author = "Rikke Magnussen and Hamann, {Villads Dalby} and Stensgaard, {Anne Gro}",
year = "2019",
language = "English",
journal = "Electronic Journal of E-Learning",
issn = "1479-4403",
publisher = "Academic Conferences and Publishing International",

}

Educating for co-production of community-driven knowledge. / Magnussen, Rikke; Hamann, Villads Dalby; Stensgaard, Anne Gro.

In: Electronic Journal of E-Learning, 2019.

Research output: Contribution to journalJournal articleResearchpeer-review

TY - JOUR

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AU - Hamann, Villads Dalby

AU - Stensgaard, Anne Gro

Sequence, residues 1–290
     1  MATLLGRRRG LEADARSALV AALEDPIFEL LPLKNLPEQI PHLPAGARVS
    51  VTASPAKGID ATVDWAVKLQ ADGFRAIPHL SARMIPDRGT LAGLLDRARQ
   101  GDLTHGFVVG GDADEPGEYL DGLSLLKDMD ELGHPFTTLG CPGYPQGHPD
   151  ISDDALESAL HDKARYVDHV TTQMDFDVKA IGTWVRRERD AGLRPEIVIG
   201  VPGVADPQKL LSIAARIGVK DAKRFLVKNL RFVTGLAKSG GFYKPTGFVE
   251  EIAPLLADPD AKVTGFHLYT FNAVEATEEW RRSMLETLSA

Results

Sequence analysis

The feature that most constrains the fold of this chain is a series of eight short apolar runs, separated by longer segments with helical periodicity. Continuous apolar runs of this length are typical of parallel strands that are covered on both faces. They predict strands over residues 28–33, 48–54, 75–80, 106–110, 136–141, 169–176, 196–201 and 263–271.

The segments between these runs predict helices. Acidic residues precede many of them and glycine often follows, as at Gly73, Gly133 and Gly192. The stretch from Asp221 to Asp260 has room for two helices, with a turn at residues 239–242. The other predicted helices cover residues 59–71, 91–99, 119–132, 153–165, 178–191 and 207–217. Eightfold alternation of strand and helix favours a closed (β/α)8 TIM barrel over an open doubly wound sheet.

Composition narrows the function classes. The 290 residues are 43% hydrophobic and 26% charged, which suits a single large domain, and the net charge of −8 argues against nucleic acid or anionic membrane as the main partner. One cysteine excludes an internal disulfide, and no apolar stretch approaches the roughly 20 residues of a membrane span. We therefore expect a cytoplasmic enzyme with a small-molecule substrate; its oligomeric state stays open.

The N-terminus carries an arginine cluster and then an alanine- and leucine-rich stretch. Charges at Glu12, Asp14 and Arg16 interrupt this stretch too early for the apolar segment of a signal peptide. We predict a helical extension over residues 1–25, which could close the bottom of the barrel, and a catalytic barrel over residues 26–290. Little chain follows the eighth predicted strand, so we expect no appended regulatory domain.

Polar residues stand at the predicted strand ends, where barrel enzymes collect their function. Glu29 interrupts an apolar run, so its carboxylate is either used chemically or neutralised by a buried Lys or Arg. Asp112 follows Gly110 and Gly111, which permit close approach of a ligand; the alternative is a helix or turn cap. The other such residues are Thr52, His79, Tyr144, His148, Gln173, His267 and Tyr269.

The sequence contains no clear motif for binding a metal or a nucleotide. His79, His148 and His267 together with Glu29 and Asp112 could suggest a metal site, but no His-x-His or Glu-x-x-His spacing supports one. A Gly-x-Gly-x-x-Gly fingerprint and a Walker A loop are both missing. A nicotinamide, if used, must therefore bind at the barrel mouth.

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AB - In this paper, we present the project, Community Drive, as well as the theoretical and empirical background on which the project is based. Through technical and humanistic collaboration, the project aims to create models that allow children and young people to participate in overcoming future challenges in cities by becoming active and contributing participants in research and development efforts. Further, the project contributes knowledge about community-driven game tools, user-driven big data and the Internet of Things and their connection with intelligent and socially responsible urban development. The project is conducted in cooperation with the city of Copenhagen, local schools and Aalborg University. Community Drive involves students, aged 10–13, attending schools in deprived neighbourhoods near Aalborg University Copenhagen in southern Copenhagen. This area is characterised by a high rate of unemployment, low income and residents with little or no education. As a result, resources have been allocated for reconditioning the subsidised housing in this area. In this paper, we discuss the ways in which Community Drive, initiated in May 2018, is based on the results of pilot projects conducted from 2014 to 2017. Overall, these studies showed that tasking students with changing their living conditions by redesigning their neighbourhoods is a strong motivational factor. During the redesign process, students were able to construct game-based models of various residents’ needs and argue for redesigns based on their knowledge about the area and the ability of certain designs to fulfil the needs of various groups of residents living in the area. We also present initial results from collaboration workshops between schools and professional external local partners. These results show that three themes are central for the collaboration process: building local contact, meaningful local ownership and real challenges and applicable solutions.